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CHC conference preview: The rocky road to Brexit

Steve Richards maps a political and economic landscape dominated by the vote to leave the European Union.

As a political journalist I have reported the sudden fall of Margaret Thatcher, the rise of Tony Blair, the drama of Gordon Brown’s Shakespearean leadership, the 2008 financial crash, the UK coalition formed in 2010, the referendum in Scotland and much more besides. Nothing compares with Brexit in terms of significance, energy sapping unpredictability and high political drama.

Arguably the most important factor contributing to the unpredictability is the shortage of time before a final agreement must be reached. Of the thousands of conversations I have had relating to Brexit the most revealing was with the former Irish Prime Minister, John Bruton. He was one of the architects of the Lisbon Treaty, the arrangements that includes Article 50.

Bruton told me that when he and others framed Article 50 they had a simple objective. They sought to make it impossible for any rational government to even contemplate triggering it. In seeking to achieve their goal they devised a timetable for exit that would last for only two years. In Bruton’s view that schedule cannot be met even under the most stable of circumstances given all the logistical challenges.

The UK government is not remotely stable. Theresa May navigates Brexit as a leader of a minority government that is divided over precisely what form Brexit should take. She is directly responsible for losing her party’s majority and that culpability diminishes her authority in an already weak context. The last Prime Minister to rule in a hung parliament with a ministry government following an election was Harold Wilson in February 1974. But Wilson was seen as a winner, having ousted Edward Heath and he had made a few unexpected gains in terms of seats. Wilson in a slightly stronger position than May would have struggled with Brexit.

Other unpredictable factors include the mood of the UK parliament and the stance of the EU. I recall having a coffee with David Cameron one dark January morning in 2016. He was in the middle of his ‘renegotiation’ with the rest of the EU in advance of the referendum. Cameron had been in Warsaw the night before and was heading for Prague later that day, seeking unsuccessfully to persuade the Polish and Czech leaders to go a bit further.

Cameron looked exhausted and much older. Like Tony Blair, he looked terrible when strained and yet youthful after a holiday. He was not getting much sleep. He did not have time for his early morning jogs around St James’ Park. He was finding the whole experience of wooing the rest of the EU impossibly tiring. Multiply by 500 the pressures on May as she seeks to get agreement for a Brexit deal from every EU leader, the European Parliament and then the Westminster parliament where she has no majority.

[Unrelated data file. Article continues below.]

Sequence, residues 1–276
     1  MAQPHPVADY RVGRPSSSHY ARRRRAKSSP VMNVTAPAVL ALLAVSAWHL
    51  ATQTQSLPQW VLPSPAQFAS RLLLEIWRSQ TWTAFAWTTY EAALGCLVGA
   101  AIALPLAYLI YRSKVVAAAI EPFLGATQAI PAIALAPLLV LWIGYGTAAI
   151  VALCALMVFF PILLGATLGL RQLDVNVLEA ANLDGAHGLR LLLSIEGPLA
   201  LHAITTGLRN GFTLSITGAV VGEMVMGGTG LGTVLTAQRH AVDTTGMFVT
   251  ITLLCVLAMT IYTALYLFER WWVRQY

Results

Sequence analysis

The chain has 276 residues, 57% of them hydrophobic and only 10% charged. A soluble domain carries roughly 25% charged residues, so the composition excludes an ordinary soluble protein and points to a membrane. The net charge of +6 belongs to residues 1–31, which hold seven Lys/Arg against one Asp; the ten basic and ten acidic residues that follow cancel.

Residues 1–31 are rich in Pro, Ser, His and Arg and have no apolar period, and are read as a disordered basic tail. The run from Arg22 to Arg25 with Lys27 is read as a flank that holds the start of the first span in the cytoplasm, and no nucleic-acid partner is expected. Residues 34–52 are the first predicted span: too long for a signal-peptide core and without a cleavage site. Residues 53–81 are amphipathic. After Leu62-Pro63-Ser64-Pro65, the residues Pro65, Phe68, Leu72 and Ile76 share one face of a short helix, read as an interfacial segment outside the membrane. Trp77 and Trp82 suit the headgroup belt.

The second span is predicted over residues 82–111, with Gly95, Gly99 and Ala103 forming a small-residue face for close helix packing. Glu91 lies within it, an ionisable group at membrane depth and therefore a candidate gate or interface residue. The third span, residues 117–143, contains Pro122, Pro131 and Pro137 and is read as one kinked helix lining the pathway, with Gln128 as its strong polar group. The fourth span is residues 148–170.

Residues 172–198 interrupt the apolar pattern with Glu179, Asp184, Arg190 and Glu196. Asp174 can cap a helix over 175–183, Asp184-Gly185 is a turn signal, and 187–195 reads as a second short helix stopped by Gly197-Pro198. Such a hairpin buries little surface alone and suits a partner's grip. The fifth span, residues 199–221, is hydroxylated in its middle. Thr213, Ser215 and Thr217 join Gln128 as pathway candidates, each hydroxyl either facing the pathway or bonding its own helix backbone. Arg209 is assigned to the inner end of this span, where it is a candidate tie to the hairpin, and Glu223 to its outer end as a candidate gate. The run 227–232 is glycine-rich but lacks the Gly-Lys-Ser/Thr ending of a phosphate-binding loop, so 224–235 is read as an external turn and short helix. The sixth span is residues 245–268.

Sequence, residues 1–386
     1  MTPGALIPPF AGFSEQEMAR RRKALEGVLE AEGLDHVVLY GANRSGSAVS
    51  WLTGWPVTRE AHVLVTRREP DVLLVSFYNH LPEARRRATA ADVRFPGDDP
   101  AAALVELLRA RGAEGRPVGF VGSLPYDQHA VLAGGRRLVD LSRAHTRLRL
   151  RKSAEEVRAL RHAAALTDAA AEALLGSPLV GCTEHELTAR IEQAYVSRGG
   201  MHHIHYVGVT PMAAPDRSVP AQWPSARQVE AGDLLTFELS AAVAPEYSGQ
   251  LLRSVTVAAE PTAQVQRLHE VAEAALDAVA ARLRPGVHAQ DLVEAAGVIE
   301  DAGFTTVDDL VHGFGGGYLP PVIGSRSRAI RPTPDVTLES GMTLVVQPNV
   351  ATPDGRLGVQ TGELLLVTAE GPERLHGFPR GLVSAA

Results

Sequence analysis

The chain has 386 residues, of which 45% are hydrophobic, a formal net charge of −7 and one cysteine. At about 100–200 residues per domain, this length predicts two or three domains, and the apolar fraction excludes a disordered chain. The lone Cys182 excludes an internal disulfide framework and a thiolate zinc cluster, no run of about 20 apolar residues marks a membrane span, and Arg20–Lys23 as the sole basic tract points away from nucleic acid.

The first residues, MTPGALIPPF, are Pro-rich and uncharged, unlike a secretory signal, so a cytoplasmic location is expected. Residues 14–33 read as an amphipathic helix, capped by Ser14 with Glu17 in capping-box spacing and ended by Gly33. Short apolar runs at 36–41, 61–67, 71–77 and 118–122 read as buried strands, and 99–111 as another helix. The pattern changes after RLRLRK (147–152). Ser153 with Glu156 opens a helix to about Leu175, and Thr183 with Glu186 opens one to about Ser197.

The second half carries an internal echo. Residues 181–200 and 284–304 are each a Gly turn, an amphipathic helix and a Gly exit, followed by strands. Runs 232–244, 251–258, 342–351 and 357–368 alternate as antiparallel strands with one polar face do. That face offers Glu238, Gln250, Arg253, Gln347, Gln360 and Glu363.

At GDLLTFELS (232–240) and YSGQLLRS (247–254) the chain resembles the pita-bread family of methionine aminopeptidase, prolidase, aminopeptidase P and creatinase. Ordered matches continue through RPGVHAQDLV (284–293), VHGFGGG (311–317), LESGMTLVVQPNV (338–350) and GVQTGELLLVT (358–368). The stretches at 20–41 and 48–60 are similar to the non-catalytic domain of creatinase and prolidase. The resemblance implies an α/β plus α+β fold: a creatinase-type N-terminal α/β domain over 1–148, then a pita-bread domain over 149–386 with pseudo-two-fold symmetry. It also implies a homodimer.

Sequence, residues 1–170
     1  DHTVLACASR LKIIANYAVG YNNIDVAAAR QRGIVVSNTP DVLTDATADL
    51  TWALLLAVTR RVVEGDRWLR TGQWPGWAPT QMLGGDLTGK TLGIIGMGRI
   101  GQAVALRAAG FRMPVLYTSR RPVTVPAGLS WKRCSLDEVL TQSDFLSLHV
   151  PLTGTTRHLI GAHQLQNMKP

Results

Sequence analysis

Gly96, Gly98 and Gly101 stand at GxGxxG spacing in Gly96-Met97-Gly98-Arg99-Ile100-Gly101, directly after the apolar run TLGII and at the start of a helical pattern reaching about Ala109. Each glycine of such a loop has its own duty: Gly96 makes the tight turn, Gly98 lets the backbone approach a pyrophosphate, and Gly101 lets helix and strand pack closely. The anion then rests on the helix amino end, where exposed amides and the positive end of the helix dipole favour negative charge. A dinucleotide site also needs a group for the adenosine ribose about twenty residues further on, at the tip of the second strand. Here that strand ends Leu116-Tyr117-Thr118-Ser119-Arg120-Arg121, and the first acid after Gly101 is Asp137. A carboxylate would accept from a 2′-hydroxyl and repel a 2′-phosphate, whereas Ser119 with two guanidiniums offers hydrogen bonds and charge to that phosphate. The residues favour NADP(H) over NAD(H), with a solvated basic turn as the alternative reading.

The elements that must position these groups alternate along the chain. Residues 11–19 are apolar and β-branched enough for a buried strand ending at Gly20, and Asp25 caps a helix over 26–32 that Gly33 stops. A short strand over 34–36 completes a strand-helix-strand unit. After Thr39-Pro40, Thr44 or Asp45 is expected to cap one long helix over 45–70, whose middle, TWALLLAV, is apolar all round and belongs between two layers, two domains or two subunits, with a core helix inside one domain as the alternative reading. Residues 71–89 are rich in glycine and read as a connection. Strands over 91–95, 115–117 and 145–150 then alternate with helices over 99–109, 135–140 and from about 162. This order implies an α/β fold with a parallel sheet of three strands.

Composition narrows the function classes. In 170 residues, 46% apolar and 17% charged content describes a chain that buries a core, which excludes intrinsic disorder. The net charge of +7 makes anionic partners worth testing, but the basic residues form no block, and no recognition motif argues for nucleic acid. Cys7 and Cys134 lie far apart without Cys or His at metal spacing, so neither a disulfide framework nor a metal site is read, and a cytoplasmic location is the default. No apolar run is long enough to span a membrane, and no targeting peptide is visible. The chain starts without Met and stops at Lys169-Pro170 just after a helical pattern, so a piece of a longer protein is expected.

The final deal must be more or less in place by next Autumn given the time required for ratification. There is not a majority in the Commons or the Lords for no deal. If ‘no deal’ is the outcome be prepared for an early and highly charged general election.

Given that two-thirds of Welsh exports go to the EU, and single market membership has been an important driver of foreign direct investment in Wales, the Welsh economy is particularly vulnerable to the effects of any diminution in the UK’s unfettered access to the single market.

It is therefore highly significant that the Labour leadership has changed its position. Until August of this year Labour’s position was more or less: ‘The government’s Brexit policy is a calamity. We plan to do the same.’ Now the leadership call for a lengthy and deep transition period that includes continued membership of the single market and customs union. The government might end up in a similar position, or have no choice to end up there. Ultimately the Welsh Assembly is bound to acquire more responsibilities, but I doubt whether these will be fully clarified as UK ministers contemplate all the many Brexit hurdles.

Under normal circumstances issues such as the extreme shortage of affordable housing would be dominating the political agenda across the UK. The issue has acquired greater saliency now young people have started to vote in greater numbers. But it is impossible to overestimate the degree to which Brexit sucks up political energy at Westminster almost overwhelming other hugely important policy areas. I fear it will do so for several years to come.

Steve Richards is a political commentator and broadcaster. His latest book, The Rise of the Outsiders, is published by Atlantic. He writes for the Guardian, Independent and Prospect magazine. He presents BBC Radio 4’s A Week in Westminster and is on the panel of BBC 1’s Sunday Politics. He is scheduled to speak on the political and economic landscape on the morning of Day One.

This article is part of WHQ’s preview of the Community Housing Cymru (CHC) annual conference in Cardiff on November 16 and 17. Day One is set to see the launch of CHC’s Housing Horizons sector vision and a series of sessions on politics, economics and public opinion plus workshops on key housing issues. Speakers include Ben Page, Sophie Howe, Steve Richards, Professor Calvin Jones and Jon Ronson. Day Two will feature some challenging sessions on disruption through customer service strategy and digital transformation plus more workshops focussing on solutions. WHQ is previewing sessions from different parts of the programme.

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